4B.2 Use of airborne and satellite observations to diagnose typhoon-ocean interactions and extreme-wind boundary layer structure during ITOP2010

Tuesday, 8 January 2013: 9:00 AM
Room 9C (Austin Convention Center)
Peter G. Black, NRL, Monterey, CA; and R. Mrvaljevic and A. B. Penny

During the Interaction of Typhoons Over the Pacific (ITOP) project in 2010, unique observations were made from aircraft and satellite platforms in Typhoon Fanapi that suggested a relationship between formation/ intensity change, ‘cold wake' modulation and ocean features within the ‘Southern Eddy Zone'. In addition, small-scale features within Super-Typhoon Megi's eyewall sea-surface boundary layer were observed by aircraft dropsondes, airborne radar and satellite Synthetic Aperture Radar (SAR) that appear to be related to typhoon Rapid Intensification (RI).

In the case of Typhoon Fanapi, formation seemed to be aided by the superposition of oceanic warm eddy features on the disturbance track. Following subsequent intensification, ‘cold wake' formation seemed to be modulated by cold eddy features near the track, which limited RI. The cold wake of Typhoon Fanapi persisted as a subsurface cold anomaly for more than three weeks, preconditioning the ocean for Typhoon Chaba, whose rapidly formed cold wake lead to rapid weakening as it crossed Fanapi's track.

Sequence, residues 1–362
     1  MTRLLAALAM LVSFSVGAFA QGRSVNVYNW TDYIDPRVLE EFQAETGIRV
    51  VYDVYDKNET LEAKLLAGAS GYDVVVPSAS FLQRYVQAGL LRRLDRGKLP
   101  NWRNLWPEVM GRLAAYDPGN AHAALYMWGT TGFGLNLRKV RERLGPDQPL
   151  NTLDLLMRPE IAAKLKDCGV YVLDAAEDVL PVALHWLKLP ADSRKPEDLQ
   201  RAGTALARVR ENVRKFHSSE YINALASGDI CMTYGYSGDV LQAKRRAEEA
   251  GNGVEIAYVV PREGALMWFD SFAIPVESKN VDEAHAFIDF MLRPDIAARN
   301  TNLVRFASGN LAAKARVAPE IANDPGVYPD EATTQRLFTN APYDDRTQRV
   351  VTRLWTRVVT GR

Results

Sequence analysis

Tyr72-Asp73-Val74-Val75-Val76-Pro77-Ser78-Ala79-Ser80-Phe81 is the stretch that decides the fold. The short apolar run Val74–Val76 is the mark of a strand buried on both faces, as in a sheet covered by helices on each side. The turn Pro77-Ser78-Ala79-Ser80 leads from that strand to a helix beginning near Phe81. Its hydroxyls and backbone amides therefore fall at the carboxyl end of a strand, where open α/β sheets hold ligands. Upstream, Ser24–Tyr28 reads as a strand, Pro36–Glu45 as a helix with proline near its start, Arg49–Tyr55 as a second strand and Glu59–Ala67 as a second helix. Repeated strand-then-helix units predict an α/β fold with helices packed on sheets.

In Super-Typhoon Megi, which formed and travelled over deep tropical ocean water, aircraft dropsondes were deployed in and near the eyewall following RI. Pairs of dropsondes were deployed that illustrated remarkably different boundary layer wind profiles. In all, four pairs of sondes were deployed in each quadrant of the eyewall. Each of these pairs exhibited a high shear and low shear companion within a very short distance of each other. The surface layer spacing of these sondes appears to be about the same scale as apparent micro-scale vortices seen along the inner eyewall in airborne radar and SAR imagery. In addition, these sondes show a shallow surface layer with constant wind speed and direction that violates the log-law profile typical of well mixed layers. Speculation as to the causes of these features will be offered.

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